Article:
Did you ever wonder how those around you, or anyone with whom you’ve interacted with along life’s winding path, whether in great or small ways, would have been had you never been born?
George Bailey got to see such a scenario play out in It’s a Wonderful Life, a classic movie no doubt anyone over the age of 20 has watched more than once during the Christmas season.
This weekend the Williams Street Rep Theater ensemble brought the magical story to life at the Raue Theater in downtown Crystal Lake.
Director Tom Burke-Kaiser told George’s story in a radio show format. Audience members experienced the twists and turns, joys and sorrows of George Bailey and his world as if they were sitting in the audience of a radio show being produced in the 1930s.
The story was told beautifully with a four-piece orchestra up on the stage moving the story along and a fellow providing all the necessary sound effects (as if it were the production of a radio show).
Some actors played multiple roles as David Lowenthall portrayed the angst of George Bailey, a wonderful man who gave up his dreams to care for his family and small hometown. I'm sure it was scary to take on such a beloved character such as George Bailey, but Lowenthall successfully brought George Bailey and all his genuine emotions to life.
Each character was sincere and sweet, just like they were in the old black-and-white movie.
Once again I found myself drifting off wondering what life would have been like had I never been born.
George Bailey saw that the old drugstore pharmacist would have killed someone had he not been there to catch his mistake of filling a prescription with poison.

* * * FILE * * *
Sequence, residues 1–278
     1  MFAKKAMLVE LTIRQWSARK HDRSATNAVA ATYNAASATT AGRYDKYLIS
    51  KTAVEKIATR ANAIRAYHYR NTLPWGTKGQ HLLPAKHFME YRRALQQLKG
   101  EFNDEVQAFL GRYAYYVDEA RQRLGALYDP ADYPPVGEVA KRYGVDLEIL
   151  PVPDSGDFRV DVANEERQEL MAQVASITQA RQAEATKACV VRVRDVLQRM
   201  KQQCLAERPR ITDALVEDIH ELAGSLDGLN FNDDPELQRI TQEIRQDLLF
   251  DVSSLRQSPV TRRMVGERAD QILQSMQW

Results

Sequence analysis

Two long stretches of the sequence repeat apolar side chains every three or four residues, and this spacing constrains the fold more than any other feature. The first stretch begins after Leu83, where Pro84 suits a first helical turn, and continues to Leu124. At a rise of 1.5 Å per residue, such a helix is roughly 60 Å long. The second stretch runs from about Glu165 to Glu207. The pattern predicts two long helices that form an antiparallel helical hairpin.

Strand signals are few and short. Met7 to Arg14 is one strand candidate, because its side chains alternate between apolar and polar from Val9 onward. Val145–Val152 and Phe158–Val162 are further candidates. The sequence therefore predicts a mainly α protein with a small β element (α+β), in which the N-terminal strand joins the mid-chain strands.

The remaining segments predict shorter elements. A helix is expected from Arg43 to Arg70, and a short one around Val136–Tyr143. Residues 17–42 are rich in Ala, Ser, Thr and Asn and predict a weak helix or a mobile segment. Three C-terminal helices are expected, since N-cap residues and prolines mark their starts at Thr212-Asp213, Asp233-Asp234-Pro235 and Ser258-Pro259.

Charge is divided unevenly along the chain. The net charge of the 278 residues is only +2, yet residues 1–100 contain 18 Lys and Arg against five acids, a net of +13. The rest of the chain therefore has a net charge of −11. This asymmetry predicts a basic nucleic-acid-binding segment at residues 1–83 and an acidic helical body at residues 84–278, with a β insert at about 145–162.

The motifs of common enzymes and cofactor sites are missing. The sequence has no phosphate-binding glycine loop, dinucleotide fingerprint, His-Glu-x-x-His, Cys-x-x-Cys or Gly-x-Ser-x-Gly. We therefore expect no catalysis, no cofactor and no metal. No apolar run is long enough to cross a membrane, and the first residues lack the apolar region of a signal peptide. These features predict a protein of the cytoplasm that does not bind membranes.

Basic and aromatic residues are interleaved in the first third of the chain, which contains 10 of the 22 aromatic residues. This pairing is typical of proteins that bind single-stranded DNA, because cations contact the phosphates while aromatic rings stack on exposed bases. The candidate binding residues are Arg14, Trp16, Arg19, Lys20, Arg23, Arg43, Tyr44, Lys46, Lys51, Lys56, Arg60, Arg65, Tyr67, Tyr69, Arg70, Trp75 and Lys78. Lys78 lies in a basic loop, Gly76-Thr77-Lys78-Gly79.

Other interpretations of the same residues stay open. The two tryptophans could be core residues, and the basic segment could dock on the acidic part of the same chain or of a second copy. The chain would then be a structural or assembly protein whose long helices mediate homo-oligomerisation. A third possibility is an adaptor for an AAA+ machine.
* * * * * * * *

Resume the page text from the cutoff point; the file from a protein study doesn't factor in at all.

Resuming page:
George Bailey also saw that his little brother Harry would have died had he not been there to save him when he had fallen through the ice. As the story goes Harry went on to be a war hero and save many lives himself. And Mary Hatch would have grown into an old maid, had George Bailey never been born.
It’s A Wonderful Life A Radio Play tugged at the heartstrings and brought to mind a few moments where I wondered, had I not been present in whatever point and time that I may have said one word, made one decision, turned left instead of right ... how would the world be different? Who would have or have not been impacted by my existence?
To what degree does my existence matter?
I think about my best friend Cara when I think like this. Had I not met her in Italian class my junior year of high school -- for a moment think, had her parents not had that last child, and there was no Cara in this world -- then I would have never met my husband, or had my two daughters. I may not have ever known the joy of true friendship and laughing until my face hurt. I may not have ever known the joys of true love and a family of my own. My daughters then would not be in this world. And who knows how my daughters are going to go off and impact the world, do great things, change other people’s lives? They may not be here, I may not still be in this world, had Cara not been born. And I am just one person whose life she has touched.
I am just one person.
The thoughts could go on all day.
It’s A Wonderful Life A Radio Play, on stage at the Raue through Dec. 8, told George’s story in a slightly different way, yet with all the warm sincerity and grace perfectly in tact.
The radio play conjured up all the magical feelings we have come to know from the original movie starring Jimmy Stewart.
Life is long and the road can be really bumpy. There are mean old Mr. Potters everywhere, but there also are lots of Violet and Mary types, as well as Uncle Billy characters to help balance it all out.
And once again the beautiful tale reminded me that on my worst day I do have a wonderful life, I do matter to someone, my life is not a mistake, I do belong in this world and there are always angels watching over me.